Thursday 18 January 2018

What Katie Did Next: In which I became a domestic gorgon

Katie Byrne
Katie Byrne

I recently spent a couple of weeks living with the long-distance lover. It's the first time I've ever spent so long in a significant other's company.

'If you want to know me, come live with me,' goes the old adage. However, I've always opted not to go live with partners because I know I won't like what I see. More to the point, I fear that I won't like what I become.

Cohabitation eventually leads to a psychological state known as the 'comfort zone'. According to researcher and author Brené Brown, the comfort zone is "where our uncertainty, scarcity and vulnerability are minimised - where we believe we'll have access to enough love, food, talent, time, admiration". In short, we stop giving a shit.

Research published earlier this year said it takes 11 months and 24 days for a couple to reach the comfort zone, with signs including "going make-up free", "not shaving your legs" and "happy to have a conversation naked". The study was commissioned by a company that manufactures digital bowel health tests, which says it all really.

The comfort zone looks fantastic in the ads. It's all jersey and cashmere loungewear and lightly tousled bed head. Coffee is prepared in a cafetiere and the young woman holds her mug with two hands while exchanging a knowing smirk with her significant other. I imagine this is to allude to the mind-blowing sex they had the night before and not the paisley pyjama bottoms that he's wearing.

In real life, the coffee is instant, the mug came with an Easter egg and there's no milk. Welcome to the comfort zone.

I prefer to think of it as the danger zone because there is no way back. One minute, you're wearing lace-top stockings, the next, you're in his sports socks in case your feet get a chill.


Even so, most couples prefer the quiet contentment of the comfort zone, and I'd have to agree that life is so much easier when you leave the 'mystique zone'. You can eat spaghetti with wild abandon and burgers without a fork and knife.

You no longer have to truss one breast up with your forearm when lying down or leap from the bed before dawn to brush your teeth and remove the remnants of last night's make-up (before reapplying another layer).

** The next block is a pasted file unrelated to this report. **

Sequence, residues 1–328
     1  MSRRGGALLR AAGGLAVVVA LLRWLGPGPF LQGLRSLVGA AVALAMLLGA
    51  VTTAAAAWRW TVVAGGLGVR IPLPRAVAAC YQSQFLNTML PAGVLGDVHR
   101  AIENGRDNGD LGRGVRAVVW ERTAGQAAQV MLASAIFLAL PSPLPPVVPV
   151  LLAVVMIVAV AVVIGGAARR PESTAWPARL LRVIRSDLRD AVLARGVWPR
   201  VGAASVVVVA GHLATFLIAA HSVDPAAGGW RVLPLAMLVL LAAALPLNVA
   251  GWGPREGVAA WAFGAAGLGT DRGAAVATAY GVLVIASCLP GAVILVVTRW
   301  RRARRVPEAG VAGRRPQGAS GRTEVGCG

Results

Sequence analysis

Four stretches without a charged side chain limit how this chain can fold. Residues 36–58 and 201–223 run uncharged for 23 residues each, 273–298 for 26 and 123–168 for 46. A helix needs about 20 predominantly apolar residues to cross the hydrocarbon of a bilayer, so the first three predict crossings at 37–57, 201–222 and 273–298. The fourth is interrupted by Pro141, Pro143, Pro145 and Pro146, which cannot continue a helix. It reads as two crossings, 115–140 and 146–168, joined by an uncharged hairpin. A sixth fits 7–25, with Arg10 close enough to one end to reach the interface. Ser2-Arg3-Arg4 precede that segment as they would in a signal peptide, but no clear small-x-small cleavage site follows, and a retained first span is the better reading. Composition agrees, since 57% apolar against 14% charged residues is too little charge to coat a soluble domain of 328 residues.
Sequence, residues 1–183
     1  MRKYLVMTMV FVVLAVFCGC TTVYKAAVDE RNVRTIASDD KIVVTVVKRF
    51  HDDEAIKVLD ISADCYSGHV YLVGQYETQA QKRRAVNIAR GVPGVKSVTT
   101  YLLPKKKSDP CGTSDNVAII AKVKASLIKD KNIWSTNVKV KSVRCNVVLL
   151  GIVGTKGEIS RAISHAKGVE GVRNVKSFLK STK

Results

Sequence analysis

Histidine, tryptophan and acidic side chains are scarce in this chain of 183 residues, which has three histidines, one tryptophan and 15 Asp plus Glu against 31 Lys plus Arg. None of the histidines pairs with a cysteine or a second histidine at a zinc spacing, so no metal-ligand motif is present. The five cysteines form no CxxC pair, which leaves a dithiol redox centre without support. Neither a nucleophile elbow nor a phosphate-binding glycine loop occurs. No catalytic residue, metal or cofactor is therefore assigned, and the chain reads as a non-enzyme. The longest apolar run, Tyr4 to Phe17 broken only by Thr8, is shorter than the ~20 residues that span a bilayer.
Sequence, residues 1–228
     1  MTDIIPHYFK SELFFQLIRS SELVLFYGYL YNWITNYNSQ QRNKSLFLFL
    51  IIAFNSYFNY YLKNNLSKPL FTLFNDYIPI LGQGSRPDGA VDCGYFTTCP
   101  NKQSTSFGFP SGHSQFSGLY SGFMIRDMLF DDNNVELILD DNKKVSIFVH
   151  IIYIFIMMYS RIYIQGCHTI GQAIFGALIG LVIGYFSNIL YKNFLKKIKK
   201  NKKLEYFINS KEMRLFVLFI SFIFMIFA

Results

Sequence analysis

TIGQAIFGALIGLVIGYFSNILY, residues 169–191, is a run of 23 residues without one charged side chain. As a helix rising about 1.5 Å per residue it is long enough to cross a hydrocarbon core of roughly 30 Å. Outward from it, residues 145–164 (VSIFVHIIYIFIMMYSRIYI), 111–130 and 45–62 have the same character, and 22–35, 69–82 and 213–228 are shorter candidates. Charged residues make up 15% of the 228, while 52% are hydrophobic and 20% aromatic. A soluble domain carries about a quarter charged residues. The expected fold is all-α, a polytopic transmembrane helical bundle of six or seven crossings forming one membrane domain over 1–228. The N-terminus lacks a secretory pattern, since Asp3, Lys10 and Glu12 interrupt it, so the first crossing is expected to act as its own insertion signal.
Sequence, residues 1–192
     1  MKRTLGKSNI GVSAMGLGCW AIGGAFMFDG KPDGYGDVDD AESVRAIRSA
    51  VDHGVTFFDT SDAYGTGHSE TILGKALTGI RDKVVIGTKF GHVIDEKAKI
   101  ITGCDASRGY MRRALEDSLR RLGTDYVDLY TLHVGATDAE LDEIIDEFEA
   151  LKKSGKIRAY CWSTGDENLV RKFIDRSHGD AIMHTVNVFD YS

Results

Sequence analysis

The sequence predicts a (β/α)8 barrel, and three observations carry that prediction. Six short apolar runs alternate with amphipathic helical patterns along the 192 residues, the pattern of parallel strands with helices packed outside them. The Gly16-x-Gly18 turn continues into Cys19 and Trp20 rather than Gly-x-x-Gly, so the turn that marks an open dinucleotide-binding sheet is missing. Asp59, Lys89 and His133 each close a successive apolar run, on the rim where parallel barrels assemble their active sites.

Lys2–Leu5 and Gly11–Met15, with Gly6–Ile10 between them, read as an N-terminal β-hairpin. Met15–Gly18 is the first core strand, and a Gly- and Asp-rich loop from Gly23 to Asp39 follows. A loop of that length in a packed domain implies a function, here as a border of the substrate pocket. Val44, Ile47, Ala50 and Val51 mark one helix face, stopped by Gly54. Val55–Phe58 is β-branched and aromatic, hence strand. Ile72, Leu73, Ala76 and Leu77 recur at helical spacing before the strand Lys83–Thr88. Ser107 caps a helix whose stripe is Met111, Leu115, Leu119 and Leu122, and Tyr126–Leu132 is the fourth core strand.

Yes, it's blissful in theory, but my issue is that I enter the comfort zone too early. It takes about five sleepovers for me to go from full make-up to au naturel, and by au naturel, I mean hair in a Medusaean tangle and a judicious application of Sudocrem on my blemishes. The comfort zone means IKEA catalogues and breakfast in bed for most people, but it sounds the death knell of passion for me.

I just wish I could keep up the jig - as exhausting as it is - a little longer.

I lure them in with the best of Brown Thomas's lingerie department, only to be wearing their boxer shorts (they're just so comfy) to bed six months later.

It's false advertising of course, but does anyone wear their retainer or apply their athlete's foot cream on day one? Would a house sell if prospective buyers were shown the stain under the chopping board and the dodgy shower faucet at the first viewing?

Of course, dodgy shower faucets can be fixed, which is what I tried to do last week when the long-distance lover observed that I was wearing his boxer shorts around the house for the third day in a row. At the time, he was busy scrubbing coffee stains out of the six mugs that I had left on the desk the day before.

I could see him wondering just how much further I could devolve. Had he signed up to a life of cleaning up my coffee mugs after me? (Yes). Was I going to wear his boxer shorts to his parent's house? (No).

Still, I was becoming a caricature of the comfort zone, so I decided there and then to do something about it. As soon as he left for work, I starfished across the bed and ate a packet of Monster Munch… and then, I got my act together. I was going to take this relationship back to the sexy zone.

I put on a dress, carefully applied my make-up and blow-dried my hair. And then, to restore favour after the coffee mug incident, I decided to iron his shirts. I would be like an apparition of loveliness and he would remember this day forever more.

But first, I needed to work out how exactly one irons a man's shirt. When I pressed one side, wrinkles appeared on the other. And can somebody please tell me what you're supposed to do with that pleat along the back?

Google provided the answer. I discovered a segment from an American talkshow in which some ironing impresario told an audience of mainly women how to iron the perfect shirt. He even recited a little ditty that went: "Collar, yoke, sleeve-cuff, sleeve-cuff, side, back, side… say it again." And then he said it again as the audience clapped along like demented sea lions. Elsewhere, I discovered that shirts are "cured" as they hang in the wardrobe.


It took me the better part of an hour, but at least I was still slogging away over the ironing board when he came home. I'm acutely aware that women often end up doing more of the household chores, so if I'm performing a task, I want full visibility.

"You're ironing my shirts?" His tone was more doubtful than delighted. "Yes," I replied casually. "The other two are just curing in the wardrobe."

I let him bask in the vision. I wanted this moment to be seared in his memory as I have no intention of ever doing it again. The whole charade lasted for about half an hour after which I changed into his football shorts and ordered a pizza.

Welcome back to the comfort zone.

'One minute you're wearing lace-top stockings, the next you're in his sports socks in case your feet get a chill'

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